If you’re a millennial investor, or even just a Canadian investor who has recently started up a Tax-Free Savings Account (TFSA), you might not be familiar with the beauty of a passive-income portfolio.
While it certainly can be exciting to buy up a new trend such as the stocks in the cannabis industry, there are other ways, likely a lot safer, to make a solid amount of easy income.
By investing in dividend stocks, you give your portfolio a steady stream of passive income coming as cash into your TFSA, tax free. At this point, if you’re a millennial wanting to create a nest egg, there is nothing better you can do for your future than reinvest those funds to create an even larger stake in your stock and larger income fund.
Let’s look at three great options to get you started.
Canadian Imperial Bank of Commerce (TSX:CM)(NYSE:CM) starts off our list with a dividend yield of 5.37%. That translates to $5.60 per share annually, handed out to investors every quarter. CIBC’s dividend has increased by 40% in the last five years.
Despite such a high dividend, the company has struggled recently, producing mediocre earnings reports to investors. But the bank aims to change that, diversifying its earnings growth in North America for the rest of the year. Shareholders should expect to see the company increase its assets by 5%.
This diversification comes mainly as a response to both the poor earnings, but also to the bank industry as a whole, with analysts continuing to predict a downturn that could hurt banks. When the turnaround happens, investors should look to CIBC once more, so shareholders who buy now should expect a huge boost when the company is back to normal.
The stock trades at $103.41 at writing, with analysts projecting a 12-month increase to $130 per share — a potential upside of about 26%.
Next up, we have Pembina Pipeline (TSX:PPL)(NYSE:PBA), with a dividend yield of 5%. That yield comes at an annual total of $2.40 per share, given to shareholders every month. The stock has increased its yield by 40% in the last five years.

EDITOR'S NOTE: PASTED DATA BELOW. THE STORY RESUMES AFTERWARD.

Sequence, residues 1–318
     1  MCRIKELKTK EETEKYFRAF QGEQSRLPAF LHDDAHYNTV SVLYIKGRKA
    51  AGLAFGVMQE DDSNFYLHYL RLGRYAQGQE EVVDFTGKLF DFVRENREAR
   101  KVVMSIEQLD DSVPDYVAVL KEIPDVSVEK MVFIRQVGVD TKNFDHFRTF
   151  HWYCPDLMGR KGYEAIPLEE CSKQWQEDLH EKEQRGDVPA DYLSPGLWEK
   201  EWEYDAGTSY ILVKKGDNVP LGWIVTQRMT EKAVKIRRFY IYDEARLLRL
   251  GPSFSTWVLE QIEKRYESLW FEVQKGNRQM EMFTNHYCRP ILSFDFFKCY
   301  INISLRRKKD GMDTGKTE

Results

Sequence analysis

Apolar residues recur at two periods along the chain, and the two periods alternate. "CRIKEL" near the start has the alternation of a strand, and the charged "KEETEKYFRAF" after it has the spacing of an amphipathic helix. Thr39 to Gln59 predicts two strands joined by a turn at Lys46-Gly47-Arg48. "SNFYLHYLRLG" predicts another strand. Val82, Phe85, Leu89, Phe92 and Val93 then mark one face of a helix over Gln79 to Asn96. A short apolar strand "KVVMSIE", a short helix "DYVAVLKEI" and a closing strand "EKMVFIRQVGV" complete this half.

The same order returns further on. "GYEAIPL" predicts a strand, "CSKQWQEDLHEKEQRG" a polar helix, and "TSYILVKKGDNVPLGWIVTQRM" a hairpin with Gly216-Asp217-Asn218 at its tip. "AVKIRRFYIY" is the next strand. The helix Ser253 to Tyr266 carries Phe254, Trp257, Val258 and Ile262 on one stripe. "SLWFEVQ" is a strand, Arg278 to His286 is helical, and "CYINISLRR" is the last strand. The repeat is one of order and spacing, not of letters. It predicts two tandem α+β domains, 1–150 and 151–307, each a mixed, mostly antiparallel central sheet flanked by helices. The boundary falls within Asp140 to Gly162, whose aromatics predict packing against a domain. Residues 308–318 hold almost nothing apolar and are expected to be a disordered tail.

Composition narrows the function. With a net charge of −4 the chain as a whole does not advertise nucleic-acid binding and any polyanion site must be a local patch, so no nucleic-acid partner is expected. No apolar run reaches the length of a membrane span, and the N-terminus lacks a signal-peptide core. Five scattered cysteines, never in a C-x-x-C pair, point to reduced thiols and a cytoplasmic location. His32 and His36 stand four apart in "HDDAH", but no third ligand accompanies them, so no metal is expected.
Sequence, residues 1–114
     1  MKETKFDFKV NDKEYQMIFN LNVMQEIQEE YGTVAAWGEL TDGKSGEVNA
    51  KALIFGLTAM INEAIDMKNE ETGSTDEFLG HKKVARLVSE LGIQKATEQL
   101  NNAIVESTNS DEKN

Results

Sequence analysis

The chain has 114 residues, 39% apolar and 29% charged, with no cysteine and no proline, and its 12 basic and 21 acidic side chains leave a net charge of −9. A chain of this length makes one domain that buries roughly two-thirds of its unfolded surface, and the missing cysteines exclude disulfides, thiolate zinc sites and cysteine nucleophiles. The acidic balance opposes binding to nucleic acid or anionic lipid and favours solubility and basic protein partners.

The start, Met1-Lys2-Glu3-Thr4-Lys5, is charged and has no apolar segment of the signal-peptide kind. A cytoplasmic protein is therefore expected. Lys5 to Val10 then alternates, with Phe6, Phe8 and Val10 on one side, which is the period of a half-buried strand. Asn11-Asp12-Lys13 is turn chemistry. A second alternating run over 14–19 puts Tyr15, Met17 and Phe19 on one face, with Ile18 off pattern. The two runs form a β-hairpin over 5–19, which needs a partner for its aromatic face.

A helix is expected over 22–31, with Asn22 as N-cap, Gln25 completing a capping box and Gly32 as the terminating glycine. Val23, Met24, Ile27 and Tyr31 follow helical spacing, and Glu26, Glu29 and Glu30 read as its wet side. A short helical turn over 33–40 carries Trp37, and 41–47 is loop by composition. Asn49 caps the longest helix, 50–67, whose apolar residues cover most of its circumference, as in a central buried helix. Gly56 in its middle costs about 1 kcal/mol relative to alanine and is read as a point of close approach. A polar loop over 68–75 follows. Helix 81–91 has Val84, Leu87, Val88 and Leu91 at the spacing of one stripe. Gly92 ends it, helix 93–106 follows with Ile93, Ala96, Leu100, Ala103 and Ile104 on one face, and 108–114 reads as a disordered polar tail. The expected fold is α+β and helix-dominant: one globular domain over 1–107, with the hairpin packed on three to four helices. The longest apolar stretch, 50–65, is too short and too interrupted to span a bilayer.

Pembina is another stock battered by the recent plunge in its industry, but overall the stock is still doing well. In fact, the company is now in growth mode, with US$5.5 billion in commercially secured projects in the works and US$16 billion in potential projects set to grow the business. The company has a history of finishing these projects on time and within budget. As the business grows, shareholders should expect both the share price and dividend to grow alone with it.
The stock trades at $49.89 per share at writing, with analysts projecting an increase to around $60 per share for the next 12 months — a potential upside of about 20%.
Finally, we have Vermilion Energy (TSX:VET)(NYSE:VET), with a whopper dividend yield of 10.07%, coming in at an annual rate of $2.76 per share, given out each month. That dividend has grown by 7% in the last five years.
That great dividend has been what’s mainly attracted investors in the last few years. The company has seen a fair amount of decline with the slump of the oil and gas industry, leaving investors wondering whether Vermilion can continue its fabulous payout.
But management insists the company is growing, and investors will see shares grow along with the firm. After all, it’s an international operation that has grown from producing 30,000 barrels of oil per day in 2012, to 105,000 barrels per day as of this year. While its latest earnings haven’t been great, the company expects a 19% surge in growth for 2019.
Vermilion trades at writing at $28.72 per share, with analysts predicting the stock to grow to $50 per share in the next 12 months — a potential upside of 75%.
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Fool contributor Amy Legate-Wolfe owns shares of PEMBINA PIPELINE CORPORATION. Pembina is a recommendation of Dividend Investor Canada.